- Two former associates of Michael Flynn who were indicted on charges of illegal foreign lobbying are seeking reprieve in their cases, citing the Justice Department’s recent move to toss out charges against Flynn.
- Bijan Rafiekian, a former executive at Flynn Intel Group, sent a letter to U.S. Attorney Jeff Jensen asking the Justice Department to drop an appeal in his case.
- Rafiekian was indicted along with Ekim Alptekin in December 2018 on charges that they secretly lobbied on behalf of the Turkish government.
- Alptekin hired Flynn Intel Group in August 2016 to investigate a political foe of the Turkish government exiled in the U.S.
Two former associates of Michael Flynn have seized on the Justice Department’s motion to drop charges against the retired general to call for relief from charges that they illegally lobbied for the Turkish government.
Bijan Rafiekian, a former Flynn business partner, and Ekim Alptekin, a former Flynn client, claim to be collateral damage in the government’s investigation of Flynn, who pleaded guilty to lying to the FBI in December 2017.
A grand jury in Virginia indicted Rafiekian and Alptekin in December 2018 on charges that they acted as unregistered agents of Turkey and conspired to conceal their efforts. Alptekin also faces four counts of making false statements to the FBI.
Rafiekian and Alptekin’s cases have taken two different paths since they were indicted, though they have both cited developments in Flynn’s case to call for reprieve in their own.
Rafiekian was convicted at trial on July 23, 2019, but the judge presiding over the case reversed the decision two months later. The Justice Department is appealing the decision, but Rafiekian’s lawyers have asked the Justice Department to drop the appeal.
Rafiekian’s lawyers sent a letter to U.S. Attorney Jeff Jensen on May 22 asserting that the case against their client was “a direct consequence of the government misconduct” that drove his decision to dismiss charges against Flynn.
Jensen was the prosecutor who recommended that charges against Flynn be dropped based on FBI documents that the Justice Department failed to turn over to Flynn’s legal team in his case. The Justice Department filed a motion to withdraw the charges on May 7.
“Accordingly, we would respectfully request that you undertake an examination of the prosecution of Rafiekian and make the appropriate recommendation to the Attorney General to dismiss the pending appeal of Rafiekian’s acquittal,” Rafiekian’s legal team wrote to Jensen, according to The New York Times.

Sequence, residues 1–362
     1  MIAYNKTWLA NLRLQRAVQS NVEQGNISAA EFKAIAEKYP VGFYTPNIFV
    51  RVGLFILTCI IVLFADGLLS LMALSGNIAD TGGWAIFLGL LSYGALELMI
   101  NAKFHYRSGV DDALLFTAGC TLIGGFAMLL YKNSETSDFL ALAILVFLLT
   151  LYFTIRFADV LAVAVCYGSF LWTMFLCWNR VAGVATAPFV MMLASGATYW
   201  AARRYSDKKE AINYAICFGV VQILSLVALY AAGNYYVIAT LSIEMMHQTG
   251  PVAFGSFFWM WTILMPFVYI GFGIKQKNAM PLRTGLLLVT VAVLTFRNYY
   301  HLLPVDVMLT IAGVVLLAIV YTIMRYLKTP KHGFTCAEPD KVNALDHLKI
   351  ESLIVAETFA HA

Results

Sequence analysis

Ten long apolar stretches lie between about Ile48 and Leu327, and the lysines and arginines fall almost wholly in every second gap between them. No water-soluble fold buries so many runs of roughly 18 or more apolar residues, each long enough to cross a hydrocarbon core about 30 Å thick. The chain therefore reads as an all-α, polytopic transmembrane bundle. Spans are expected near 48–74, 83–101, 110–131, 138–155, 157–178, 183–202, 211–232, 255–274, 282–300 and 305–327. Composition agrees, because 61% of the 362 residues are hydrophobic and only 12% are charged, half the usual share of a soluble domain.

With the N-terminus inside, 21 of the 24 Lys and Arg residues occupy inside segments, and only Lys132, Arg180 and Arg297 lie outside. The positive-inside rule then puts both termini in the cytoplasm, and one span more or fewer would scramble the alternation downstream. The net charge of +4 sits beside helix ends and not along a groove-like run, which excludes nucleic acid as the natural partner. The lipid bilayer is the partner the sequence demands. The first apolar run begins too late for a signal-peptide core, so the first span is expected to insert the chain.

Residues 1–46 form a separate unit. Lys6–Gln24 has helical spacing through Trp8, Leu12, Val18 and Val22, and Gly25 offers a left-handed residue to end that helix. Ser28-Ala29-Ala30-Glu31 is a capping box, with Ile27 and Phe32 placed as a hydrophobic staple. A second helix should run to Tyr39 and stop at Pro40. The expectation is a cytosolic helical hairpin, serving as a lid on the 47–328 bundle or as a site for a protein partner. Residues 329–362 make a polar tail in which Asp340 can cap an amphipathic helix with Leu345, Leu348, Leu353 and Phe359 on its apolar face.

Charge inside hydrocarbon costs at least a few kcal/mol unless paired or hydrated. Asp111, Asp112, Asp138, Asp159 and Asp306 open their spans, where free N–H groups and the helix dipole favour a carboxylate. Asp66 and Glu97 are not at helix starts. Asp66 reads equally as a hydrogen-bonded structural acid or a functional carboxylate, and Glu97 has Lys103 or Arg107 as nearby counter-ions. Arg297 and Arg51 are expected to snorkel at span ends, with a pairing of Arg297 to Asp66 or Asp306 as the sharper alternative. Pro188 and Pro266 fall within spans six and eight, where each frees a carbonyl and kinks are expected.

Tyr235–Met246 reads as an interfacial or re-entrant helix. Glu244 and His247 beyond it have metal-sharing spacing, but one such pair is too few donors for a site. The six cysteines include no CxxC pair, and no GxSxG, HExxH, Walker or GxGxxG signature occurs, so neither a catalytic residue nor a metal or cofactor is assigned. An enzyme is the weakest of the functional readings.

Alptekin has not faced trial. He remains overseas and has not surrendered or been extradited. In the wake of the Flynn decision, Alptekin provided an interview to TRT World, a Turkish media outlet that the Justice Department requires to register as a foreign agent of Turkey, in which he claimed to be “collateral damage” because of his affiliation with Flynn.
“There is an organized effort to make me look like a criminal so that they can get to General Flynn. And my guess is they want to get to Donald Trump,” he said in the interview.
Alptekin, the former chairman of the Turkish-U.S. Business Council, hired Flynn’s firm, Flynn Intel Group, in August 2016 to mount a public pressure campaign against Fethullah Gulen, a Turkish cleric living in exile in the U.S.
Alptekin hired Flynn Intel Group through a Dutch shell company called Inovo B.V. Prosecutors alleged that Alptekin, who has close ties to Turkish government officials, used the shell company to conceal the secret foreign lobbying effort. (RELATED: Flynn Lobbied For Obscure Dutch Company With Ties To Turkish Government)
Flynn Intel Group initially registered as a lobbyist for Inovo B.V. under the Lobbying Disclosure Act. The company, along with Flynn and Alptekin, registered as foreign agents under the much more stringent Foreign Agents Registration Act (FARA) on March 7, 2017.
Alptekin agreed to pay Flynn Intel Group $600,000 to lobby Congress and mount a public pressure campaign with the goal of forcing the extradition of Fetullah Gulen, a Turkish cleric living in exile in the United States.
Prosecutors alleged that Turkish government officials directed the work through Alptekin.
They cited an email that Alptekin sent Rafiekian on July 29, 2016 following Alptekin’s meeting with a Turkish government official.
“He is interested in exploring this seriously and it is likely he’ll want to meet with you and [Flynn],” Alptekin wrote in the email, according to the indictment against Alptekin and Rafiekian.
“[H]e asked me to formulate what kind of output we can generate on the short and mid-term as well as an indicative budget.”
Alptekin emailed Rafiekian and Flynn on Aug. 10, 2016 following a meeting with two Turkish officials in which the Gulen project was purportedly discussed.
“I just finished in Ankara after several meetings today with [Turkish Minister #2] and [Turkish Minister #1]. I have a green light to discuss confidentiality, budget and the scope of the contract,” Alptekin wrote.
On Aug. 9, 2016, Alptekin and Flynn signed a $600,000 contract for the Gulen project.
As part of the contract, Flynn Intel Group put together an investigative team consisting of former intelligence operatives to investigate Gulen. Rafiekian also met with congressional staffers as part of the effort to force Gulen’s extradition.
Alptekin also arranged a meeting between Flynn, Rafiekian and two Turkish officials, Berat Albayrak and Mevlut Cavosoglu, on the sidelines of the U.N. general assembly in September 2016, where Gulen was discussed.
Flynn Intel Group’s work with Inovo B.V. came to light after Flynn published an op-ed in The Hill on Nov. 8, 2016, election day, calling for Gulen’s extradition.
The Daily Caller News Foundation reported three days later that Flynn Intel Group was lobbying for Alptekin’s firm.
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